QEP-2014.12.31-10K


UNITED STATES
SECURITIES AND EXCHANGE COMMISSION
Washington, D.C. 20549
FORM 10-K
 
ý ANNUAL REPORT PURSUANT TO SECTION 13 OR 15(d) OF THE SECURITIES EXCHANGE ACT OF 1934
For the fiscal year ended December 31, 2014
 
001-34778
 
 
(Commission File No.)
 

QEP RESOURCES, INC.
(Exact name of registrant as specified in its charter)
 
STATE OF DELAWARE
 
87-0287750
(State or other jurisdiction of incorporation)
 
(I.R.S. Employer Identification No.)
 1050 17th Street, Suite 800, Denver, Colorado 80265
(Address of principal executive offices)
Registrant's telephone number, including area code: 303-672-6900
Securities registered pursuant to Section 12(b) of the Act:
Title of each class
 
Name of each exchange on which registered
Common stock, $0.01 par value
 
New York Stock Exchange
 Securities registered pursuant to Section 12(g) of the Act: None
Indicate by check mark if the registrant is a well-known seasoned issuer, as defined in Rule 405 of the Securities Act. Yes ý No ¨
Indicate by check mark if the registrant is not required to file reports pursuant to Section 13 or Section 15(d) of the Act. Yes ¨ No ý
Indicate by check mark whether the registrant (1) has filed all reports required to be filed by Section 13 or 15(d) of the Securities Exchange Act of 1934 during the preceding 12 months (or for such shorter period that the registrant was required to file such reports), and (2) has been subject to such filing requirements for the past 90 days. Yes ý No ¨
Indicate by check mark whether the registrant has submitted electronically and posted on its corporate website, if any, every Interactive Data File required to be submitted and posted pursuant to Rule 405 of Regulation S-T (Section 232.405 of this chapter) during the preceding 12 months (or for such shorter period that the registrant was required to submit and post such files). Yes ý No ¨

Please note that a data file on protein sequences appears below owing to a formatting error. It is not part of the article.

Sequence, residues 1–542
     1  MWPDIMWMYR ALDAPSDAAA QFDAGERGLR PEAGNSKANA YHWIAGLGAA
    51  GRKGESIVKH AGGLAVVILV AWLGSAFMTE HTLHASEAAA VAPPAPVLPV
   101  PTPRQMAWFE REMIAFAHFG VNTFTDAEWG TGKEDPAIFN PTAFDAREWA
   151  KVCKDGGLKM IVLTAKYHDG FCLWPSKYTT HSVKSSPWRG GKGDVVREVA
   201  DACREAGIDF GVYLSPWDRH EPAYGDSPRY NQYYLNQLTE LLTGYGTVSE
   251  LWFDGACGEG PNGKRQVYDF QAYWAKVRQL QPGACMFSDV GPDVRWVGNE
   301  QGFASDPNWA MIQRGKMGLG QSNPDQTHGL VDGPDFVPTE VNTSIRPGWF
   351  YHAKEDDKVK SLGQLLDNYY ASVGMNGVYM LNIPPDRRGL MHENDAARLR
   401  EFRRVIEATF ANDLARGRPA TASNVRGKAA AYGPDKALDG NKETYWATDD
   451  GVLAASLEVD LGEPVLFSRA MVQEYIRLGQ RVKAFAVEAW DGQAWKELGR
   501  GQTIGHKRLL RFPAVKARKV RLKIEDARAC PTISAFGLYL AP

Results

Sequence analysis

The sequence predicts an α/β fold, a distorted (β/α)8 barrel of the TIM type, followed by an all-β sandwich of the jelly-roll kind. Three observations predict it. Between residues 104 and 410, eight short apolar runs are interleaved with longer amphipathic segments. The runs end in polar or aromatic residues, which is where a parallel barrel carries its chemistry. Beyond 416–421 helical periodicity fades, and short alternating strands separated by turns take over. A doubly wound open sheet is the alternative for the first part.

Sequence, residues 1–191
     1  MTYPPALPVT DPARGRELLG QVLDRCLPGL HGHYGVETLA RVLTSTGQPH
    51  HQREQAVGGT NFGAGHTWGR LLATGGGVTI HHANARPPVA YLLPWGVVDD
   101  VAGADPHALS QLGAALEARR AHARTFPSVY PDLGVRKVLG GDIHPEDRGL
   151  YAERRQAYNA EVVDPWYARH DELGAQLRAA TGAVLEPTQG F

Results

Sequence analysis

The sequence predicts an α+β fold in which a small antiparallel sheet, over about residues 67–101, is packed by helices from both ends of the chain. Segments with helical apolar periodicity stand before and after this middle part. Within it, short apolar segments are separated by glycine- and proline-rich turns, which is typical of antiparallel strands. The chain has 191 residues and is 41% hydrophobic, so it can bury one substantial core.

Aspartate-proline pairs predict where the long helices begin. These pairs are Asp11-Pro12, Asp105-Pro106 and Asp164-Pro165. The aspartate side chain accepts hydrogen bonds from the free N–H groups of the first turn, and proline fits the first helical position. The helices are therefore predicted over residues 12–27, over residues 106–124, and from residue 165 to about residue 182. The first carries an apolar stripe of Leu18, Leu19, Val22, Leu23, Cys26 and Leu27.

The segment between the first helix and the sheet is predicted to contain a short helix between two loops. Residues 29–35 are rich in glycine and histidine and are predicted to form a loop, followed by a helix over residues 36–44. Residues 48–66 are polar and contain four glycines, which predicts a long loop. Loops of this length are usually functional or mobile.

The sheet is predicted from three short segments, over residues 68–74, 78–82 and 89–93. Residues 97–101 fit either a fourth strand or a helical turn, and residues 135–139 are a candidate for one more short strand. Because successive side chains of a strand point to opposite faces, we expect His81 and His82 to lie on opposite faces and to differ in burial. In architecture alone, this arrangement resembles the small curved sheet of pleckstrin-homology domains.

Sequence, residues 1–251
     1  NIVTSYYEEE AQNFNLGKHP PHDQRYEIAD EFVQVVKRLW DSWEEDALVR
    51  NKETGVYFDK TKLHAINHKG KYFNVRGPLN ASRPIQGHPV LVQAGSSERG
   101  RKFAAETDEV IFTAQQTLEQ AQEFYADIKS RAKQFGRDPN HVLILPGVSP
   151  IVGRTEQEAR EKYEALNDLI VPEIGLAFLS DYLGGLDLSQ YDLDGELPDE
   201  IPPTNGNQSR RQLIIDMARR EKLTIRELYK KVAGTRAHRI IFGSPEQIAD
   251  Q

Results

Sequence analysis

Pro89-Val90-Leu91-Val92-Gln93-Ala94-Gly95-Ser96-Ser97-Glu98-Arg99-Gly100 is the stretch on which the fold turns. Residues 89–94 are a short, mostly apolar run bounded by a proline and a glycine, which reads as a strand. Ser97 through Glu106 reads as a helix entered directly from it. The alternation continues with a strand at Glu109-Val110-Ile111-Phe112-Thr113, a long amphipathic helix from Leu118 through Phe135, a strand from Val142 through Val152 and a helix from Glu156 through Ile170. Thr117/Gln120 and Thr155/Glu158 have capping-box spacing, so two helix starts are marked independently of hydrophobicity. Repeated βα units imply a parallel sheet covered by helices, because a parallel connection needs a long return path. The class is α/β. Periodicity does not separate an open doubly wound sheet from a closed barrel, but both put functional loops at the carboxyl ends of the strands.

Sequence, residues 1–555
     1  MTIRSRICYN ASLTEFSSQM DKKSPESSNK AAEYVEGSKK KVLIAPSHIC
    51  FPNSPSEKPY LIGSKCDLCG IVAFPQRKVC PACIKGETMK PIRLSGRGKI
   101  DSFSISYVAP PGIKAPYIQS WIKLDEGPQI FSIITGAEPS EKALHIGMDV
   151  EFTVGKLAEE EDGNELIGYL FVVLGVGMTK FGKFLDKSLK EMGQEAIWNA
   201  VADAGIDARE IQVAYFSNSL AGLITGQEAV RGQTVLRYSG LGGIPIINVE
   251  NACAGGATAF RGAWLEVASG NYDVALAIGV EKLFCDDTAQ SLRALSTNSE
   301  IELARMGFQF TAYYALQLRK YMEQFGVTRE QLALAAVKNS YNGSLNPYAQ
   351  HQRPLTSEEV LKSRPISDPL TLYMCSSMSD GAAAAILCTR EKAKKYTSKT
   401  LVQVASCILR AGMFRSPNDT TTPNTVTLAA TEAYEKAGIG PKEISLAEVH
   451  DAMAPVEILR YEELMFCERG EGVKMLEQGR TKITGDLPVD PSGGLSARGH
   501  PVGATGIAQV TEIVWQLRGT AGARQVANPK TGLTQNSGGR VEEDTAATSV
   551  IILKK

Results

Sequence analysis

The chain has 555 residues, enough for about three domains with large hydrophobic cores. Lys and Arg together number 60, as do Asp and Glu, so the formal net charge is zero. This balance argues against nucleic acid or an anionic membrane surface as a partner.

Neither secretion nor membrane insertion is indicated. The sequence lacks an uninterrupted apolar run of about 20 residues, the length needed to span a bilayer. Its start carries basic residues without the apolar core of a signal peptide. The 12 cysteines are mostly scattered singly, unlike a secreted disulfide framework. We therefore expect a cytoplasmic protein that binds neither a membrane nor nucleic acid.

Indicate by check mark if disclosure of delinquent filers pursuant to Item 405 of Regulation S-K is not contained herein, and will not be contained, to the best of registrant's knowledge, in definitive proxy or information statements incorporated by reference in Part III of this Form 10-K or any amendment to this Form 10-K. Yes ý No ¨
Indicate by check mark whether the registrant is a large accelerated filer, an accelerated filer, a non-accelerated filer, or a smaller reporting company. See definitions of "large accelerated filer," "accelerated filer" and "smaller reporting company" in Rule 12b-2 of the Exchange Act.
 
Large accelerated filer
ý
 
Accelerated filer
o
 
 
 
 
 
Non-accelerated filer
o
(Do not check if a smaller reporting company)
Smaller reporting company
o
Indicate by check mark whether the registrant is a shell company (as defined in Rule 12b-2 of the Exchange Act). Yes ¨ No ý




State the aggregate market value of the voting and non-voting common equity held by non-affiliates computed by reference to the price at which the common equity was last sold, or the average bid and asked price of such common equity, as of the last business day of the registrant's most recently completed second fiscal quarter (June 30, 2014): $6,213,156,302.
 
At January 31, 2015, there were 175,549,934 shares of the registrant's $0.01 par value common stock outstanding.

DOCUMENTS INCORPORATED BY REFERENCE
 
Part III is incorporated by reference from the registrant's Definitive Proxy Statement for its 2015 Annual Meeting of Stockholders to be filed, pursuant to Regulation 14A, no later than 120 days after the close of the registrant's fiscal year.




TABLE OF CONTENTS
 
 
 
Page
 
 
 
 
 
 
 
 
 
 
 
 
 
 
 
 
 

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Where You Can Find More Information